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The Great Cream Tea Debate

cream tea

What goes into Cream Tea in Devon and Cornwall?

Welcome to the delightful world of cream teas! This classic British tradition of scones, jam, and clotted cream is a regular ritual across Devon and Cornwall. But the age-old question remains – jam or cream first? Let’s dive into the history, ingredients, and friendly rivalry behind the cream tea.

cream tea

A Little History

The tradition can be traced back to the 11th century in Devon and Cornwall. Back then, the bread-based snack was a welcome refreshment for workers in the field. The addition of jam and clotted cream came later, though the origins are hazy.

The term “cream tea” first appeared in print in the 1870s. But it wasn’t until the late 1800s, with the rise of tourism, that they really took off. Tea rooms sprang up across Devon and Cornwall to cater to visitors longing for a taste of this rural treat.

The Vital Ingredients

So what exactly constitutes a proper cream tea? At its core, you need these three key ingredients:


The base of the cream tea is always scones. But not just any scone! The best are still handmade the traditional way – lightly sweetened, delicately risen, and baked to a golden finish. Texture is key – aim for fluffy yet sturdy.



On to the pressing question – jam or cream first? In Devon, jam goes on the scone before cream, while in Cornwall, it’s the other way around. But what jam works best? Locally made strawberry or raspberry jam are classic choices. Just avoid anything too sweet or syrupy.


Clotted Cream

No cream tea is complete without real clotted cream, unique to the Southwest England. Made by heating cow’s milk and skimming off the top layer, it’s much thicker than regular cream. Spoon it on generously – the richness beautifully balances the sweet jam.

clotted cream

The Great Debate – Jam or Cream First?

Now we get to the heart of the matter – the eternal question of whether jam or cream goes first on the scone.

In Cornwall, jam is spread on the scone before adding a dollop of creamy richness. Locals will tell you the jam acts as a natural adhesive, preventing the cream from sliding off. .

Meanwhile, across the border in Devon, clotted cream is smoothed on first, followed by a spoonful of jam. Devon proponents argue this prevents the jam from soaking into the scone. They will also claim that the first-ever cream tea was served in Tavistock Abbey in the 11th century, and this gives them the authority to rule on the subject

Passions run high on both sides of the debate. But most importantly, this friendly rivalry is key to the charm of cream tea traditions. You should sample a cream tea in both regions and decide their preference!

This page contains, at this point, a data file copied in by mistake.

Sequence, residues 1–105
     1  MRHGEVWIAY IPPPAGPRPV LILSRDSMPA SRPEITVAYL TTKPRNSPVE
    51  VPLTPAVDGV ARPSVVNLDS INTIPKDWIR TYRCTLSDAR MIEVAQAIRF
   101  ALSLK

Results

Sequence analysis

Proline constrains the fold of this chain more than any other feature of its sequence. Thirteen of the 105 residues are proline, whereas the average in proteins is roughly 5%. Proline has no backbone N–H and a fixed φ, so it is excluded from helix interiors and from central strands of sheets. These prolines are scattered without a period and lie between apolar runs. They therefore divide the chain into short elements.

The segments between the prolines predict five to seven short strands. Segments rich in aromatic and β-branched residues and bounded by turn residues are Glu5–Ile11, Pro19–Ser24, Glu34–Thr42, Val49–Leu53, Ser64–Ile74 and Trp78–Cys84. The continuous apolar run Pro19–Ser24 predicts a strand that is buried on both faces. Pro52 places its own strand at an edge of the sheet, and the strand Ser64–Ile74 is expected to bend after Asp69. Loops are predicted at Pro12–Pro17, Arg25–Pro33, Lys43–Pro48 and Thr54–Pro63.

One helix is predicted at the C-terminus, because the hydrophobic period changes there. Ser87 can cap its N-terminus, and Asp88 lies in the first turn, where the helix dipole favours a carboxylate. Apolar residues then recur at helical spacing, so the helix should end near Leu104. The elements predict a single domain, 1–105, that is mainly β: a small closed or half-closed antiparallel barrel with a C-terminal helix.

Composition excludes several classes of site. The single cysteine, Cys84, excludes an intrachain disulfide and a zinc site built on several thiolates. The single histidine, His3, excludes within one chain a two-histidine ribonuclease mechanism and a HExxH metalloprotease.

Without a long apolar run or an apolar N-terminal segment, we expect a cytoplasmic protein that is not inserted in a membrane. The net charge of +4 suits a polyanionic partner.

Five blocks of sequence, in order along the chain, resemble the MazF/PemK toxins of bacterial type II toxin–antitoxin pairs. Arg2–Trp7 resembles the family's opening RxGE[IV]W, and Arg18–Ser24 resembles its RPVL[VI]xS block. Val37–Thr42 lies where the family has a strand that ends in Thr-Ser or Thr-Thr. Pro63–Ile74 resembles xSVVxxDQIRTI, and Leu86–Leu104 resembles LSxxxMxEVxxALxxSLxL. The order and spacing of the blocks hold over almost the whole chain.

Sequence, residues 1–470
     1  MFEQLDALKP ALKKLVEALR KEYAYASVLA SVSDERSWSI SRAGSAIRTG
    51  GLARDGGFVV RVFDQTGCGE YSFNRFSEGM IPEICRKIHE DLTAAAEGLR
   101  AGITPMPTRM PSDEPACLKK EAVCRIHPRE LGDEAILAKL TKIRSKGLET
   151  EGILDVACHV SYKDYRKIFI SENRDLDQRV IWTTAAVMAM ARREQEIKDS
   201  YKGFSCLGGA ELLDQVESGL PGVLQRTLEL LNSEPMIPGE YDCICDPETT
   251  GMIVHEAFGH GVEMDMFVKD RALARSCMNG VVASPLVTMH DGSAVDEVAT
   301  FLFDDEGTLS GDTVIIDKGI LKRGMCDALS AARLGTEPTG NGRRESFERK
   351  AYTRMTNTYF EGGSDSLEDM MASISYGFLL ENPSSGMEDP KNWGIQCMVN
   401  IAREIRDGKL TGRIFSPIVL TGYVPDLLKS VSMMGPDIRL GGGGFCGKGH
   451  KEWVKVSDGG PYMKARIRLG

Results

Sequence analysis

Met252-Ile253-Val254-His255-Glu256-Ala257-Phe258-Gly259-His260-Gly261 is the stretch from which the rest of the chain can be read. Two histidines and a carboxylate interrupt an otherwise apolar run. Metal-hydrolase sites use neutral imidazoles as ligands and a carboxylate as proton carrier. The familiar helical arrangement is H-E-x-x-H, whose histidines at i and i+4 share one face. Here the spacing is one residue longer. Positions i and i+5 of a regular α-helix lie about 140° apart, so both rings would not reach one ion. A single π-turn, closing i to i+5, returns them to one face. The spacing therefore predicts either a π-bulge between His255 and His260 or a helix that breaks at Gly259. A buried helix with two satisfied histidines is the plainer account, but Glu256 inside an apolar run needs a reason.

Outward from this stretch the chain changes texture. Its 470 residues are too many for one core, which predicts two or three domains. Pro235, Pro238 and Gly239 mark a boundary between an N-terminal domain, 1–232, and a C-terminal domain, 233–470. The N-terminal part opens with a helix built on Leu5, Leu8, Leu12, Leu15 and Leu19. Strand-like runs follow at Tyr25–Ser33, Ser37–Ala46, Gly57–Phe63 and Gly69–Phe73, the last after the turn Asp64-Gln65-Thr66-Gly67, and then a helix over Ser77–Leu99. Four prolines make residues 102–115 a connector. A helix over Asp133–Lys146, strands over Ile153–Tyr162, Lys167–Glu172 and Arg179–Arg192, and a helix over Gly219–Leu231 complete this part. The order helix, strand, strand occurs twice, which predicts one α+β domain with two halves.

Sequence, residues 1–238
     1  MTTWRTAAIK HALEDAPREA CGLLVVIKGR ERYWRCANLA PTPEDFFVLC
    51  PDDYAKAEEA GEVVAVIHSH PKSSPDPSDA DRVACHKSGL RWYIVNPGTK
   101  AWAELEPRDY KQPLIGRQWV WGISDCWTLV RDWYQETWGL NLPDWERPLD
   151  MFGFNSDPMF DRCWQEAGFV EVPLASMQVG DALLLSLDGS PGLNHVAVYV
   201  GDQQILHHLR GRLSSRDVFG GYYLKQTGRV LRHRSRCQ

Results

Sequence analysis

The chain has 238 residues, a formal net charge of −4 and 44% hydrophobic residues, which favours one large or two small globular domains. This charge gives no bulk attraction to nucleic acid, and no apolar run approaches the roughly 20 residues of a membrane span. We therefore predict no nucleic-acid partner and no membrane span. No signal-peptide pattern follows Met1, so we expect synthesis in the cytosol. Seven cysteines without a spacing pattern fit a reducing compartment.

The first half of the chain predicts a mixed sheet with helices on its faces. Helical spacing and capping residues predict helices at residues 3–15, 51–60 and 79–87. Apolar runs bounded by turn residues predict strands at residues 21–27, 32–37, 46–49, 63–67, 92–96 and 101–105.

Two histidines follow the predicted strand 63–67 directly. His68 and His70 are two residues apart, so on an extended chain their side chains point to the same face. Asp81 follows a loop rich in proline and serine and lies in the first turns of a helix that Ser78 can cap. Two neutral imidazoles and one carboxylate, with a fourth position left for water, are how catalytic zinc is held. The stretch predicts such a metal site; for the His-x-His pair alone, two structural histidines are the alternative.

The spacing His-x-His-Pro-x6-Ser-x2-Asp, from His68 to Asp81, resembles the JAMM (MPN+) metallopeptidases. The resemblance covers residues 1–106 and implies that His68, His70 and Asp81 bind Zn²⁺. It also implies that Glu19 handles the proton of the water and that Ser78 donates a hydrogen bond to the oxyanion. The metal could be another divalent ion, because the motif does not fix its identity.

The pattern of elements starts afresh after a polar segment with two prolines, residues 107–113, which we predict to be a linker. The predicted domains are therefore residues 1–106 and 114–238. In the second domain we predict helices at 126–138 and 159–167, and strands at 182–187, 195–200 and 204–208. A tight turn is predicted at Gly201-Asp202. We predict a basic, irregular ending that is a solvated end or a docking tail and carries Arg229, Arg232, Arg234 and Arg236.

The debate has even reached the royal family, with Queen Elizabeth II revealing that she ate her cream tea the Devon way, with cream first. This revelation has added further weight to the ongoing discussion.

Notable figures in the culinary world have also weighed in on the debate. Celebrity chef James Strawbridge, a Cornish native, firmly supports the Cornish way of serving cream tea, emphasizing the importance of putting jam first. Similarly, renowned cook Nigella Lawson, although more Cornish than Devonian, also favours the cream tea with jam first, citing the ease of spreading cream on top of the jam.

The debate has extended beyond the counties, with people from various regions and even internationally expressing their opinions. A poll conducted on social media showed a strong preference for jam first, with over 17,000 out of 18,000 votes in favor of this method.

The debate has become a cultural phenomenon, with strong regional loyalties and traditions influencing the way cream tea is enjoyed. The ongoing dispute has added an element of fun and intrigue to the enjoyment of this beloved British tradition, making it a topic of interest for locals and visitors alike

jam first

What do you find in a good cream tea menu?

We have already looked at the main sweet treats to go in a cream tea above; namely scones, jam and clotted cream.

In addition to these staples, you would expect to find some savoury treats too.

  • Sandwiches: Finger sandwiches are a light and elegant option for cream tea. They are typically made with white bread and filled with a variety of savory ingredients, such as cucumber, ham, and cheese.